Some kids do talk more than others, and it can be hard for them to learn when to be quiet. They have so much going through their little minds that they just have to tell you all about everything.

The cute, snotty-nosed, thumb-sucking chatterbox seems to be the common depiction of a child, but it drives me bonkers! Why not have the smart kid who asks questions that surprise the adults? Because kids do this in real life; they ask all sorts of things we have to stop and think about before fumbling to answer because we honestly don't know how to explain it, or we don’t know at all.


There are also the children who don't talk much, and they are more mellow in behavior. These kids tend to withdraw and be sensitive little souls, and when they do talk it's usually to say something profound. I love having this kind of child in my writing because possibilities are endless and it's so sweet to have a little one who doesn't say much, but comforts with their presence and maybe a hug. I use this in my story; a little girl comforting one of the characters who is distrusting of people because she’s lost everything.



3: Behavior



Not all children are little demons set on wreaking havoc to their surroundings!


Yes, some children are definitely little terrors, which is unfortunate. A child’s behavior is greatly hinged on their home-life and if they were disciplined and taught how to behave, then chances are they at least have manners, even if they forget to use them. If they’re allowed to be selfish and disobedient, they grow up to be even more annoying, selfish adults who either never change, or have a really hard smack of reality when they learn the world doesn’t revolve around them.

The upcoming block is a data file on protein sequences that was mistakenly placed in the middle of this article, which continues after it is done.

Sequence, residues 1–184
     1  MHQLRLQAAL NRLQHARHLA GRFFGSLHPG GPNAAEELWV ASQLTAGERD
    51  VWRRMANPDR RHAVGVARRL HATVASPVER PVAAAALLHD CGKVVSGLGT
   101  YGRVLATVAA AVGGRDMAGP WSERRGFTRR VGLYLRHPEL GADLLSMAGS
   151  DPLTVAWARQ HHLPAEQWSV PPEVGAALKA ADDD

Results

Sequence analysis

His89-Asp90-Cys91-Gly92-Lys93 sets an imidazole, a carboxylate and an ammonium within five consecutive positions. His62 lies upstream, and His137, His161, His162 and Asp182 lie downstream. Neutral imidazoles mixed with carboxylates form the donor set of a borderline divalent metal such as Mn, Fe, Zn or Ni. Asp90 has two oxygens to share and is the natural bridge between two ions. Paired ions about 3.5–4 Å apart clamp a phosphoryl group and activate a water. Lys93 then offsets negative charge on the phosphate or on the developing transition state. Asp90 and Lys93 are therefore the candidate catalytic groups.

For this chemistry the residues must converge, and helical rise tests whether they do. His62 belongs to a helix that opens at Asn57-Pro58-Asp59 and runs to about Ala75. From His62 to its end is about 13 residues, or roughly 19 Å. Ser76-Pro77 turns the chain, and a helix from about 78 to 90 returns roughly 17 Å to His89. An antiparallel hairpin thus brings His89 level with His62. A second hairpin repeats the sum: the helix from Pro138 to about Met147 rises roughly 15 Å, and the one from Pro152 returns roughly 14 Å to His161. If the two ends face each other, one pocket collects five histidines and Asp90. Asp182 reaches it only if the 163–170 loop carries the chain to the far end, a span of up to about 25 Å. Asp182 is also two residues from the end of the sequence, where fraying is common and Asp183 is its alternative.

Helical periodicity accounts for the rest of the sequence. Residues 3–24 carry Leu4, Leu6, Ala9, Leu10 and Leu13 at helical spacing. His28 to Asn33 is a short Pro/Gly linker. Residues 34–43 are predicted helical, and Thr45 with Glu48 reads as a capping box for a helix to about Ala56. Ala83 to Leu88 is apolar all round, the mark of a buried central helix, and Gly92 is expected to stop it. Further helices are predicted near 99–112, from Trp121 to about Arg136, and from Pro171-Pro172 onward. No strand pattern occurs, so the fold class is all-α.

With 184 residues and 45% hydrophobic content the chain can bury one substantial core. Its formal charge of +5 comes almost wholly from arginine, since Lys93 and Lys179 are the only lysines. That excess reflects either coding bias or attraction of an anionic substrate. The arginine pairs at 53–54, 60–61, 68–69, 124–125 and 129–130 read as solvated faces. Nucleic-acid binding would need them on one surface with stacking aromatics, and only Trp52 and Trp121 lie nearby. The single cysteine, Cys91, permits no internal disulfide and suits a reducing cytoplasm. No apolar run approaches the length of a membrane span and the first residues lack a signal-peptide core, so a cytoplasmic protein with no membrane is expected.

A child’s home-life has a huge impact on their character and personality. It’s not always bad, though; some children have horrible childhoods and are the well-behaved ones. Then there are the children who grew up with everything you could ask for and turn out to be rebellious brats.


The point is, you don't need to portray all children as naughty. Have some well-behaved children who charm the visitors, make everyone laugh, or warm a stranger's heart in there too.


The sweet little boy who gives flowers to the old lady who lives nearby, because he sees she's sad. . .


The gentle little girl draws a picture for the veteran and brings him cookies she made with her mother. . .


The high-energy chattery child who is raring to go; ready to take the lead in a game, but without hesitation will stop and help his friend who got hurt.


Obviously, no one is perfect and we all screw up, but find cool and sweet ways to add children to your story if it works for you. If nothing else, their antics can add a great dynamic to a story, because children do and ask the darndest things sometimes. They really do not understand all the boundaries adults have put in place. Don’t be afraid to have a moment (or several) where the kid decides to do something that makes sense in their little mind, no matter how mortifying it would be to the parents.


Maybe it’s hot, so they decide to strip to their underwear and run around in the backyard when company’s over. Or they shout for the whole world to hear that they went potty… I have witnessed this event by my siblings and other kids. It really is funny (when you aren’t responsible for said child).


Perhaps they ask a really embarrassing question to a complete stranger, or experiment with gravity by convincing another child that the blanket is a parachute and they should jump out of the barn loft (I have witnessed this, too). Seriously, the possibilities are endless.


Keep in mind that they aren’t necessarily being disobedient; they’re finding out their place in the world, seeing what’s appropriate and what’s not, and it can be a hard process, but necessary and it’ll happen, no matter how polite they may be.


I hope this was helpful, and, if nothing else, I hope it gave you a smile.


Until next time, God bless,


Iris